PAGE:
Date of Graduation


Document Type


Degree Name

Doctor of Philosophy in Higher Education (PhD)

Degree Level



Rehabilitation, Human Resources and Communication Disorders


Ketevan Mamiseishvili

Committee Member

Michael T. Miller

Second Committee Member

Jason W. Ridge

Third Committee Member

John W. Murry, Jr.


business education, entrepreneurial intention, entrepreneurial self-efficacy, entrepreneurship, entrepreneurship education, gender, gender gap, new venture development, role models, self-efficacy, stereotype threat, universities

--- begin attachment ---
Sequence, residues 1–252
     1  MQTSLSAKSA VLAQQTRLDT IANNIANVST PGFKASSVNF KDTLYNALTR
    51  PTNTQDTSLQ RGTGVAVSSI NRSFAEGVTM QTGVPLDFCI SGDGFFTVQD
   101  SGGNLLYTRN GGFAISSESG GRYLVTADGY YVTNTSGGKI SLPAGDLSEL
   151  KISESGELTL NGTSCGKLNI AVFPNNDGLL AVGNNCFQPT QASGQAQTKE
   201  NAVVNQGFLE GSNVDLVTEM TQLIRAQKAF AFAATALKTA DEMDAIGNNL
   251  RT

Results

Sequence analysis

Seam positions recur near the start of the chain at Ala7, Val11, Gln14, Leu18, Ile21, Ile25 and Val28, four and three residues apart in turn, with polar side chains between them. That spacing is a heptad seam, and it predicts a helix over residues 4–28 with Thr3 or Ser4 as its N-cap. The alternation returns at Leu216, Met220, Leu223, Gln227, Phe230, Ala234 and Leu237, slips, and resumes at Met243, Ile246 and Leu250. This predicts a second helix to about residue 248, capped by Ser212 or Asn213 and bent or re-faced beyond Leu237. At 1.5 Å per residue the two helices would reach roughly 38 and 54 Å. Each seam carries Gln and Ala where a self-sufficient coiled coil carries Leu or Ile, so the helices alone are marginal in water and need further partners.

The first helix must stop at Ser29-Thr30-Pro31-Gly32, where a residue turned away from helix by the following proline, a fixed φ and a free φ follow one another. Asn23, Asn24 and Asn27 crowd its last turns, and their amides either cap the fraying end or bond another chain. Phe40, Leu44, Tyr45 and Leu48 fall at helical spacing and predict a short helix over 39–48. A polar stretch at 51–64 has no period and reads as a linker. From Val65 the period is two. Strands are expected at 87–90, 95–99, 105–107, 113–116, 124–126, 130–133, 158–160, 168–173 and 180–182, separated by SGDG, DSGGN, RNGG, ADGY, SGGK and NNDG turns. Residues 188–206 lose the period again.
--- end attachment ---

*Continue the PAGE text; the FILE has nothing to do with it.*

Entrepreneurship education in higher education has been cited as a key strategy in filling the entrepreneurship talent pool, preparing students with the skills and confidence needed to start new ventures (Westhead & Solesvik, 2016). However, outcomes of entrepreneurship education for female students are less positive than for their male counterparts (Shinnar et al., 2012; Westhead & Solesvik, 2016; Wilson et al., 2007). Working within the frameworks of Bandura’s self-efficacy theory (1977), Azjen’s theory of planned behavior (1991), and Steele and Aronson’s stereotype threat theory (1995), this quantitative study utilized an experimental research design to assess the impact of role model exposure, specifically, matched-gender versus mismatched-gender versus no role model, on self-assessed entrepreneurial self-efficacy (ESE) and entrepreneurial intentions (EI). Specifically, female and male students enrolled in six sections of a new venture development course at a research institution in the mid-south were randomly assigned to one of three treatment groups. Based on their treatment group, students were given an assignment by their course instructor to read and reflect on an article about a matched-gender entrepreneur role model, a mismatched-gender entrepreneur role model, or an article that provided success tips for young entrepreneurs (no role model). Students who completed the reading and reflection assignment were then invited to complete an online survey instrument. The survey instrument asked students to report gender identity and course section, then respond to a set of questions to measure self-assessed ESE and EI. A total of 83 students completed both the reading assignment and responded to the survey. Results indicate a significantly lower level of EI for female students who were exposed to a mismatched-gender role model as compared to male students in this group. Analysis across the three treatment groups indicate that the impact of role model exposure is not moderated by gender, nor are the main effects of gender or role model exposure significant. The main effect of course section, a control variable, was significant in the ANOVA model for EI. More research is needed to better understand the impact of different curricular approaches in the development of ESE and EI among college students. Given the persistent nature of gender gaps, particularly for self-efficacy (Shinnar et al., 2014; Wilson et al., 2007), it is likely that more significant interventions are needed to close these gaps.